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Syracuse University, College of Arts and Sciences

English Professor Receives Mellon Foundation Grant

Chris Forster is the first professor at Syracuse University to be awarded the New Directions Fellowship.

April 2, 2020, by Dan Bernardi

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English Professor Chris Forster, recipient of the New Directions Fellowship from The Andrew W. Mellon Foundation.

Chris Forster, associate professor of English, is the recipient of the prestigious New Directions Fellowship from The Andrew W. Mellon Foundation. He is the first Syracuse University faculty member to receive this award, which allows faculty members in the humanities and humanistic social sciences to pursue training outside their own areas of special interest. The program is intended to enable humanities scholars to delve deeply into problems that interest them most. The $149,000 award will allow Forster to broaden his skills as a computer programmer and translate that knowledge to his work with digital humanities.

Digital humanities is an emerging field that involves using computational tools for the analysis of humanities disciplines such as history, art, philosophy and literature. It is a two-sided approach, using digital technology to study things like literary trends and authorship while also applying humanities-related skills like critical thinking and interpretation to study the impact of digital culture.

Under the Mellon New Directions Fellowship, Forster will master software and programming languages, which will allow him to better develop arguments about texts from a statistical perspective. By extending his skills as a computer programmer, Forster will be able to enter emerging debates about how large text databases are reshaping the understanding of literature and its history. He will apply this first-hand technical knowledge with his students in the new Digital Humanities Integrated Learning Major (ILM). The ILM, which Forster helped to develop (and which he currently directs), allows students to creatively, critically and ethically explore the impact of digital technology.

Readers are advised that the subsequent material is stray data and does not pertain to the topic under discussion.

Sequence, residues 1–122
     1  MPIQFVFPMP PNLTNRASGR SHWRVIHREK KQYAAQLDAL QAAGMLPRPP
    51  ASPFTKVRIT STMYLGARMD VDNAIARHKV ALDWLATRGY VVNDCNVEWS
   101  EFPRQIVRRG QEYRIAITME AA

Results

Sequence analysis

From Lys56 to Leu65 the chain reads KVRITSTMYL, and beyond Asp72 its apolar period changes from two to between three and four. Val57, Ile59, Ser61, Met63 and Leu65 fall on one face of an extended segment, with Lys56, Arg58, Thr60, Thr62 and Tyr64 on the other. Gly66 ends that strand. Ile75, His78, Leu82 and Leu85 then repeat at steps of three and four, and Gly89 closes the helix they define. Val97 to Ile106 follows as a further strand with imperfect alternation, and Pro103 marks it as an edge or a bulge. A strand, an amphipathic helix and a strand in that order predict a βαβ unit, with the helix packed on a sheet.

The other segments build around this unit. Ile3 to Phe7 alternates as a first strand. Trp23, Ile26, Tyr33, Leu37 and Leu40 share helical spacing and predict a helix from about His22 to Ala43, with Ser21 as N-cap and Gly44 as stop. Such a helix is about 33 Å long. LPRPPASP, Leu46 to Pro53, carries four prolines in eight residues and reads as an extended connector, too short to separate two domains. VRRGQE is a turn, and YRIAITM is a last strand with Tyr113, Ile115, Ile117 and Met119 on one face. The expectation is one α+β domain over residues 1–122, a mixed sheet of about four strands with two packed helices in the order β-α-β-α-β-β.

In addition to extending his skills in computer programming, the fellowship will support both Forster’s attendance at the annual Digital Humanities conference organized by the Alliance of Digital Humanities Organizations (ADHO) and visits with mentors who are established digital humanities scholars.

“The Mellon New Directions Fellowship allows me to secure the training necessary to make this element of my research more central to my future academic work,” says Forster. “I hope to contribute to the recent wave of debate about the ways that computers can augment and improve the study of literature and ensure that the reshaping of the study of literature in a digital age remains connected to its history.”

The Andrew W. Mellon Foundation seeks to strengthen, promote, and defend the centrality of the humanities and the arts to human flourishing and to the well-being of diverse, fair, and democratic societies. Their core programs support exemplary and inspiring institutions of higher education and culture.